1. sarahcraver

    sarahcraver New Egg

    5
    0
    7
    Jan 20, 2013
    How do you manage mud in your coop?
     
  2. salt and pepper

    salt and pepper Chillin' With My Peeps

    covering the run with a tarp helps a lot, but water will still get in. leaves help keep the mud down, but eventually disintegrate. sand and pea gravel both help with drainage, and dry out quickly. do not put straw on the ground. it STINKS when it gets wet. so a good way to keep the mud would to be to put a tarp up, then put sand an the run, then leaves over that! that should ensure you get almost no mud
     
  3. The Chickeneer

    The Chickeneer ~A Morning's Crow~

    I used to have a mud problem, but then I added straw bedding, and the problem went away. i wouldn't reccomend a dirt floor in a coop, especially if you live in a wet place.
     
  4. Ridgerunner

    Ridgerunner Chicken Obsessed

    19,959
    3,125
    476
    Feb 2, 2009
    Northwest Arkansas
    Do you mean coop or run? It’s still basically the same methods but there could be some differences. Here is a link to fixing muddy runs. Many of the principles would apply to a coop.

    Pat’s Big Ol' Mud Page (fixing muddy runs):
    https://www.backyardchickens.com/web/viewblog.php?id=1642-fix-a-muddy-run

    There are two basic principles. First, keep water out. That may involve putting in berms, swales, ditches or something to keep rainwater runoff from going in. It may involve coverings to keep rainwater out. Maybe sloping a roof or installing gutters to get the water away.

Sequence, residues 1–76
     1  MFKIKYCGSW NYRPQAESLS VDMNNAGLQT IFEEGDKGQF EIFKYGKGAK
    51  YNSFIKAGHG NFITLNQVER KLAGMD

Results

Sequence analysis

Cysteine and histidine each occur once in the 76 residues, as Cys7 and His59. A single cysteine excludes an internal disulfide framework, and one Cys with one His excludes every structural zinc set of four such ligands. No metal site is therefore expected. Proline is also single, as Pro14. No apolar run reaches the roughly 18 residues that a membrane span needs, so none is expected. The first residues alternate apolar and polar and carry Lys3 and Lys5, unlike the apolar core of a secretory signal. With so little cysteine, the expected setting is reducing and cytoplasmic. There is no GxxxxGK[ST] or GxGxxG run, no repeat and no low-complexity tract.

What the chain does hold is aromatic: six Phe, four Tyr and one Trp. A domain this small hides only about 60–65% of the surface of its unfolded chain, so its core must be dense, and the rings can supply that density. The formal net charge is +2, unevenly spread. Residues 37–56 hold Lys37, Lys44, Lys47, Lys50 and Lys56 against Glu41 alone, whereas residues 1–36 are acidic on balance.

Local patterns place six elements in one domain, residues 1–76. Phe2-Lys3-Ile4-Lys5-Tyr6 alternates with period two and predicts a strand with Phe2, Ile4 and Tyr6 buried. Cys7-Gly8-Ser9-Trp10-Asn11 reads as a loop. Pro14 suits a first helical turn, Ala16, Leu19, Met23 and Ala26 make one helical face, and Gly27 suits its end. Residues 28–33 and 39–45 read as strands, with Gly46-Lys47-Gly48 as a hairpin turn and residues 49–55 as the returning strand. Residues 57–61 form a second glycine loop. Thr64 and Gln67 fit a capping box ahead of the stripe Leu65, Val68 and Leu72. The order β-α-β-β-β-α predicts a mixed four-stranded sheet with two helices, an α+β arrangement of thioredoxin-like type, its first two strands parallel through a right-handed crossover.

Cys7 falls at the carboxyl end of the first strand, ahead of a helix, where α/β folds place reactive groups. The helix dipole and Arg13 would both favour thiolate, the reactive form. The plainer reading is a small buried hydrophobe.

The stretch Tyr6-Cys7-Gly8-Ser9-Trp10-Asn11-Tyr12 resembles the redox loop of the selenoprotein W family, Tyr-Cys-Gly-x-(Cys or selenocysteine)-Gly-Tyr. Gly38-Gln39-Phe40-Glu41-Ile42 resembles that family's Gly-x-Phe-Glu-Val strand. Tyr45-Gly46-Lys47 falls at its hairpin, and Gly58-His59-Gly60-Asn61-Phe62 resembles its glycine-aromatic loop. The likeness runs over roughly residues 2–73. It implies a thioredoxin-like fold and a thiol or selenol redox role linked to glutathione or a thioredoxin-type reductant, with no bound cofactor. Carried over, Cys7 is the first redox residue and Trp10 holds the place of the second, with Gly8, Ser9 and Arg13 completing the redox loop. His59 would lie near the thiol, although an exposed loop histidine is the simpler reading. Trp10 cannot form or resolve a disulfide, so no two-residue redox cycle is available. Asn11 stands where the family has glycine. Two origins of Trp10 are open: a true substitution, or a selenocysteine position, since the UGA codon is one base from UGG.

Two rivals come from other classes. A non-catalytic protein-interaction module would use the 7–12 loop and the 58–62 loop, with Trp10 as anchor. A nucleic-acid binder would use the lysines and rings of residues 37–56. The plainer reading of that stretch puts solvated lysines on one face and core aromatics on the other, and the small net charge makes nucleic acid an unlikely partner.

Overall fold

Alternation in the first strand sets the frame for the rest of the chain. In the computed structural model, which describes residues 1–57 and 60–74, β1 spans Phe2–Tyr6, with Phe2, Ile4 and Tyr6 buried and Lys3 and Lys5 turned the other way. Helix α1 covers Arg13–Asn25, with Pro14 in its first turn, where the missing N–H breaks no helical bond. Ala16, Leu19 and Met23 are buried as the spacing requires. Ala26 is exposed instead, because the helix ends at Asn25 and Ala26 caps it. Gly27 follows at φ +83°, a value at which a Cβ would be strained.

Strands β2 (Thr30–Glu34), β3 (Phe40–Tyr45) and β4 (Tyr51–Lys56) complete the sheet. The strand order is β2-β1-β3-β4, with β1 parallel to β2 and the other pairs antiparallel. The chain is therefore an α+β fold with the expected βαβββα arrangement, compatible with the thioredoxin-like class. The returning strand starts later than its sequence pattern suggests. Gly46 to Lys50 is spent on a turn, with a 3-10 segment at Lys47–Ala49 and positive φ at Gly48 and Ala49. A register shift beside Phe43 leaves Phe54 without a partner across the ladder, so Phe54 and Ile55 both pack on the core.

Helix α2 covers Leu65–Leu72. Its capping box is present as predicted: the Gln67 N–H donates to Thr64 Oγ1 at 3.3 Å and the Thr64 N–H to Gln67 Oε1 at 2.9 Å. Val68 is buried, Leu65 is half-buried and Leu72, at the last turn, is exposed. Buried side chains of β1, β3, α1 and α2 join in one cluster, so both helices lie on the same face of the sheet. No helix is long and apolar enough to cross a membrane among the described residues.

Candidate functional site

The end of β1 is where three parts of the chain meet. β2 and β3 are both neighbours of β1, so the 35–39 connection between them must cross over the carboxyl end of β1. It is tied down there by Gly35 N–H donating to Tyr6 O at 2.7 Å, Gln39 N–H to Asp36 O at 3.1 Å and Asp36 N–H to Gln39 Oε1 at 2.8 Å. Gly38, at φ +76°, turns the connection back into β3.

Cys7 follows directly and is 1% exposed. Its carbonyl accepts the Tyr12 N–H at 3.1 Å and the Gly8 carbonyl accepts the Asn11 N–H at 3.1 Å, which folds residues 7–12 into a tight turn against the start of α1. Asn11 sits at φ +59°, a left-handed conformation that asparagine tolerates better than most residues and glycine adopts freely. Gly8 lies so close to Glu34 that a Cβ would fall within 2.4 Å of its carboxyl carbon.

The other is fixing it so it can drain. If you are in a low spot that can be hard. The water needs a place to drain to so initial placement with drainage in mind can be really important. If you are in a low spot, you may need to build it up some. Maybe put gravel down then a thick layer of sand. Sand drains really well if the water has a place to go but it can wash away or the chickens can scratch it out. You might need to put in something to confine it. Sand also has a way of eventually disappearing down into the mud but if you do it right, it can last a long time.

    You can put down pallets, stepping stones or things like that to help get up out of the mud. Some people put in hay, straw, wood chips, things like that but some of them have to change that out pretty often. There are lots of different ways to approach it. What works best for you will depend on your unique situation.

    My coop and run is on a very slight rise but I built a swale on the uphill side to help keep rainwater runoff out. I also put in a few inches of clay dirt in the coop so it was higher than the surrounding area, then use wood shavings as bedding. My run is about 75% covered, which helps, but a lot of rainwater comes in from the side. When it sets in rainy for a while it can be a mess. I’ve also dumped a couple of bags of pea gravel at the gate and people door from the coop to the run to help build it up a bit.

    There are a lot of different things you can do, but I suggest looking at where the water is coming from and address that. Then look at how you can help it drain.

    Good luck! These things are not always easy.
     

BackYard Chickens is proudly sponsored by